How Target Rebounded From Holiday Disappointment
Target's hit its stride again with its Prabal Gurung collaboration.
In the company's first collection after its Neiman Marcus collaboration disappointed analysts, Target has already sold out of several items online, while also avoiding the website crashes that have plagued its past successful launches.
"We are pleased with the stability of the online site during this high-traffic event as Target continues to work on its ecommerce platform," Citi analysts said in a recent research report. "We also view the collection as a return to style leadership at an attractive value following what we found to be the disappointing Target Neiman Marcus Holiday Collection."
Following the launch, Citigroup reiterated its "buy" rating on the company's shares. It has a $72 price target on Target stock, which is 15 percent higher than the price of shares midday on Tuesday.
In another mark of the Prabal line's success, more than 2,500 of the limited edition's pieces have now ended up on eBay at marked-up prices as consumers jockey for some of the more popular floral items.
While the holiday collection featured a large number of pieces from popular designers at fraction of their usual prices, the sticker shock was still too much for customers. (Read More: Neiman Launch Is No Missoni Collaboration)
"After the Neiman Marcus partnership was widely regarded as too pricey for most Target shoppers with a range of $7.99 for wrapping paper to $499.99 for a bicycle, the Prabal Gurung price point was well-received, in our view," said JPMorgan analysts in a recently released note. JPMorgan has an "overweight"rating and a $74 price target on Target stock — an 18-percent increase from the share price on Tuesday.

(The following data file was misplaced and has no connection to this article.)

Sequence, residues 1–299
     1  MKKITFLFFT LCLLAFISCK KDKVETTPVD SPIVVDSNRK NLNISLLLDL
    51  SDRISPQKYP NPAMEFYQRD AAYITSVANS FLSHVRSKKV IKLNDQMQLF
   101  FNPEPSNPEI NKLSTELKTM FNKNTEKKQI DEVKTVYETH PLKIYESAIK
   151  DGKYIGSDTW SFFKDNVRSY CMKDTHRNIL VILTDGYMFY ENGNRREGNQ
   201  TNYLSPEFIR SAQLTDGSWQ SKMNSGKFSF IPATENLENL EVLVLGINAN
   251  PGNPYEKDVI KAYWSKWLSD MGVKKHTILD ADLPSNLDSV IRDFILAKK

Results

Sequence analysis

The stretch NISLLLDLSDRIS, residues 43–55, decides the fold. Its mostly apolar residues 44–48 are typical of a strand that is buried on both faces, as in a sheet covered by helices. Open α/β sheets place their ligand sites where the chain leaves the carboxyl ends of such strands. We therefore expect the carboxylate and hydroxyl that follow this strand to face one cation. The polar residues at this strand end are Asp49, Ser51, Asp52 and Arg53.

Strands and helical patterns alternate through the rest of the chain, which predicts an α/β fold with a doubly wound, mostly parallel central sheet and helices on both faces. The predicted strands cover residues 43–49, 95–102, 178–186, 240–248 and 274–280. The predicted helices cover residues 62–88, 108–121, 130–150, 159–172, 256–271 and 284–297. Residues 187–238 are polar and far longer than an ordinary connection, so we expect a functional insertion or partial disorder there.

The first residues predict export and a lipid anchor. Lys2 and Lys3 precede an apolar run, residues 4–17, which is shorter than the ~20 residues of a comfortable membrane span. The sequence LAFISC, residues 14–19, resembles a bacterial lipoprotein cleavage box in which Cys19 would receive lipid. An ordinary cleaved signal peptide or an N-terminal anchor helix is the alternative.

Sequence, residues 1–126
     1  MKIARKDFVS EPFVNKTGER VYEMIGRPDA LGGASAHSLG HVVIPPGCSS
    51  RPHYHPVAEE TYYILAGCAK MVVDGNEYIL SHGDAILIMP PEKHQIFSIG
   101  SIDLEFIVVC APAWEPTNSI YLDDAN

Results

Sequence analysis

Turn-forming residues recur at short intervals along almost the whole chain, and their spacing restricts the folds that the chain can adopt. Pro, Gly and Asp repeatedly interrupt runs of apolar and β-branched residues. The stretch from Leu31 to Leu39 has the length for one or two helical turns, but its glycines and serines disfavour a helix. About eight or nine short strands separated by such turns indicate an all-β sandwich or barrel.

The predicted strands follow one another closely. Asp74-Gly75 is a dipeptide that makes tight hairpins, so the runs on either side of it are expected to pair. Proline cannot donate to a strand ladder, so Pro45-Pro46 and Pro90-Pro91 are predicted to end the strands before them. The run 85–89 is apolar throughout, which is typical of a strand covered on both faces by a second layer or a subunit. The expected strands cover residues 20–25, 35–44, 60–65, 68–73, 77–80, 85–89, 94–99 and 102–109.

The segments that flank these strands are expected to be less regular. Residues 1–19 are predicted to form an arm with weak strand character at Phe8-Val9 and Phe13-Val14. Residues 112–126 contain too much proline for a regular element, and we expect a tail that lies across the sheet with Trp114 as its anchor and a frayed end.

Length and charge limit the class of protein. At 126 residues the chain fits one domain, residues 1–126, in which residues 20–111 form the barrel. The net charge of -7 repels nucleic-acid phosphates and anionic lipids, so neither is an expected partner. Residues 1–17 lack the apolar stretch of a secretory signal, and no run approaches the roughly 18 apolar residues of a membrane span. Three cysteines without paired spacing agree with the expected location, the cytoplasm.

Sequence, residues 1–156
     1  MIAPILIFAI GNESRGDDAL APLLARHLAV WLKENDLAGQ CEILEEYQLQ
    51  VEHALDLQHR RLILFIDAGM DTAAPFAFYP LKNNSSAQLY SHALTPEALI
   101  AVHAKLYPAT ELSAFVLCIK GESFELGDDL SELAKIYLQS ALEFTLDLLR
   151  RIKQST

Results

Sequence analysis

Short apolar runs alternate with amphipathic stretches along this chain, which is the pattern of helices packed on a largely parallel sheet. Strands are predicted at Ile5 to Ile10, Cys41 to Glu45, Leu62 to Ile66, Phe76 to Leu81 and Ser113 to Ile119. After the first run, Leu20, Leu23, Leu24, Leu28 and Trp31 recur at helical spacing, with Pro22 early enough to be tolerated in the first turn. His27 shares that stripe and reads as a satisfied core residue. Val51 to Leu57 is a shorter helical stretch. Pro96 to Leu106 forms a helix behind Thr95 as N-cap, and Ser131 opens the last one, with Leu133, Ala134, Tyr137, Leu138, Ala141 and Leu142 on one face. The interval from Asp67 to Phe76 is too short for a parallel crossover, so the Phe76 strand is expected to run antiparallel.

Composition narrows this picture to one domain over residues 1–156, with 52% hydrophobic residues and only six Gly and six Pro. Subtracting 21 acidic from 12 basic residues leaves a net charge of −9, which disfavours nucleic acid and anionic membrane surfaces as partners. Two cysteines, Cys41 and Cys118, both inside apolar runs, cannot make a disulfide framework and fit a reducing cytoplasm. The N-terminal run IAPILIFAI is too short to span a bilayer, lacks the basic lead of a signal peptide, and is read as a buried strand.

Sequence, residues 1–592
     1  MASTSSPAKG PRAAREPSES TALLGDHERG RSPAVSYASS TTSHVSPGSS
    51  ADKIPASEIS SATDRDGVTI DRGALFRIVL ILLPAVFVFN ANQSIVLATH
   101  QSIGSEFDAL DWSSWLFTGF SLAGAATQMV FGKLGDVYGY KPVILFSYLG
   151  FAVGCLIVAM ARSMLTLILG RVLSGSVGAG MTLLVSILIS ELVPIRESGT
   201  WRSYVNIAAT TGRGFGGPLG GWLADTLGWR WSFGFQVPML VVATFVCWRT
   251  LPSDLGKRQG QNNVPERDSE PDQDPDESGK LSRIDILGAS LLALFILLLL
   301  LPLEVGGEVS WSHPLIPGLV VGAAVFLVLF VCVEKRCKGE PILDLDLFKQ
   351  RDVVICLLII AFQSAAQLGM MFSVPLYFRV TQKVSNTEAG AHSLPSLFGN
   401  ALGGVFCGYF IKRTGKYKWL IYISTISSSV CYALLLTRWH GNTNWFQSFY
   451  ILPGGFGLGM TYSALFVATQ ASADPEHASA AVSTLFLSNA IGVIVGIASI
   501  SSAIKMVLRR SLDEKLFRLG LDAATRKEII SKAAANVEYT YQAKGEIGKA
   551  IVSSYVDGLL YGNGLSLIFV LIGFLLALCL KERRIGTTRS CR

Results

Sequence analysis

For the Prabal collection, which launched during Mercedes-Benz Fashion Week in New York, Target lowered the price points for several comparable items. For example, a Lela Rose dress from the Neiman collection was $99.99 while a Prabal dress went for $49.99. Meanwhile, a Thom Browne blazer fetched $129.99 in December, while Target priced a floral blazer from Prabal at $49.99. (Read More: Highlights From New York Fashion Week)
JPMorgan analysts also observed better store placement for some of the items and indications of limited merchandise for the collection.
"It was probably the wrong time of year," said Jeff Jones, Target's chief marketing officer, about the Neiman collection. "When we really think about the holiday season, we think about the value that guests are looking for then and so some things like that we learned that made it just not as successful that we would like it to be."
To avert the supply shortage that occurred during Target's widely successful collaboration with Missoni, Target also upped its inventory for the Neiman launch.
"We bought about 2.5-times the normal inventory and in hindsight, we think that was too much," Jones added.
Despite describing the Prabal line as a "nice recovery after a disappointing showing," JPMorgan doubts the line will boost the company's same-store sales growth this month. Last month, Target same-store sales rose 3.1 percent, beating Wall Street's estimate of 1.7 percent, according to Thomson Reuters. (Read more: Retail Sales Beat Forecast Despite Payroll Tax Bite)
"While we don't expect the collection to provide a significant lift to comps (particularly given the Jason Wu for Target collection in February 2012), we believe it demonstrates Target's effort to produce exclusive, compelling merchandise in order to maintain share as online competitors encroach on traditionally brick-and-mortar territory with low prices and increasingly faster shipping speeds," research analysts said.
-By CNBC's Katie Little; Follow her @katie_little_
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